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Customer reviews

4.4 out of 5 stars
10


on June 10, 2017
I love the diversity in objects, writing, and style of the essays. They are short, pithy, and accompanied by a lovely photo of the item discussed. I found it uplifting and inspiring. A great collection of modern form essays.
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on July 15, 2008
Most readers will wish, as I did, that THEY had thought to compile and edit a book like this. Or at least that they had been called upon to contribute an essay to this collection of photos and stories about objects of particular and unexpected significance to the individuals. Intriguing stuff. Most of us have equally fascinating and quirky objects we've trucked around for years or even decades. I will share the book with friends who dabble in writing. We should have fun identifying our own special objects and using the concept of analyzing their importance as both a writing exercise and a way to share our idiosyncrasies. (Why DO I cling to that brass drain cover from the urinal at an abandoned mine?)
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on February 3, 2014
I thought the objects would have unexpected significance in a world wide context, not special significance to individuals. I'd much rather learn how paper clips changed the world . . .
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on March 17, 2011
Trash digger, dumpster diver, urban scavenger-repurposer, call me what you like; I happen to have a keen eye for the potential of an object of which another person has relinquished ownership. Not necessarily its monetary potential (even though I've sold many salvaged finds) but something closer to what Kant called Ding an sich: the thing, as it is unto itself. One man's trash, removed from its place under his distorting lenses of perception and conceptualization, can be viewed afresh with the new sense of meaning imprinted by another -- a treasure.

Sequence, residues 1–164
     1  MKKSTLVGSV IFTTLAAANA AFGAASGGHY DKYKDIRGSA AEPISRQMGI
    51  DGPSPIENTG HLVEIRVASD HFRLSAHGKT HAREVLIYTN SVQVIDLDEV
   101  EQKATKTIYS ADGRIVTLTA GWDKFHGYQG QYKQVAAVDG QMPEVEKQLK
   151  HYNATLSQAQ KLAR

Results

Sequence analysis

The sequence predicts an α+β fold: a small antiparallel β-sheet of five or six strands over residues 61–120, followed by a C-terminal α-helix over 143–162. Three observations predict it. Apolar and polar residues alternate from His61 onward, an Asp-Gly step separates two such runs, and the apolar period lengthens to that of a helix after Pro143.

While the seventy-five objects given to us in Taking Things Seriously weren't all hauled out of someones's refuse or found abandoned by the side of the road, each has a mysterious pull, like gravity, that draws our attention and inquiry. Each has a story. It may be the story its current custodian regales us with as we open to a page of this stimulating omnium gatherum, or it may not, yet we are nevertheless compelled by inevitable curiosity to consider whys and wherefores. For me, it was all about the sand clown. Buy the book and you'll understand.

This is a lovely, unobtrusive volume that would be a fine addition to your coffee table collection or nightstand stack. Additionally, it would make an ideal gift for the person who believes she has everything and could benefit from a reminder that there's fantastic, beautiful, and confounding diversity within the near-limitless realm of stuff.
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on September 5, 2007
I'm very pleased with the critical response! This book would make an excellent gift, and it was supposed to come out nearer to the holiday season for that reason... but then all these nice reviews appeared! So it was rushed to bookstores and Amazon. Official pub. date: Sept. 5, 2007.

On July 6, 2007, Mark Frauenfelder, author of Rule the Web: How to Do Anything and Everything on the Internet---Better, Faster, Easier (and editor of Boing Boing and MAKE: Technology on Your Time) posted a sneak preview of the book to Boing Boing. Excerpt: "My friend Joshua Glenn was the founder of one of my favorite zines, Hermenaut. He edited a new book called Taking Things Seriously: 75 Objects with Unexpected Significance... I've read some samples from the book and they're wonderful."

On August 5, the New York Times Book Review and LA Times Book Review both praised Taking Things Seriously. Here's an excerpt from the LA Times review: "Why do certain things charm us so? In their new book, Taking Things Seriously, Boston Globe columnist Joshua Glenn and designer Carol Hayes delve into this 'human drive and capacity to invest inanimate objects with meaning.' They asked artists, designers, writers and thinkers to contribute photos of their precious belongings and explain their significance.... The result is a wonderfully eccentric collection of 'things' and thought-provoking essays that underscore French philosopher Bruno Latour's challenge to regard objects as more than merely matters of fact but, Glenn writes in his introduction, as 'an association, a network, a gathering' of meaning and ideas."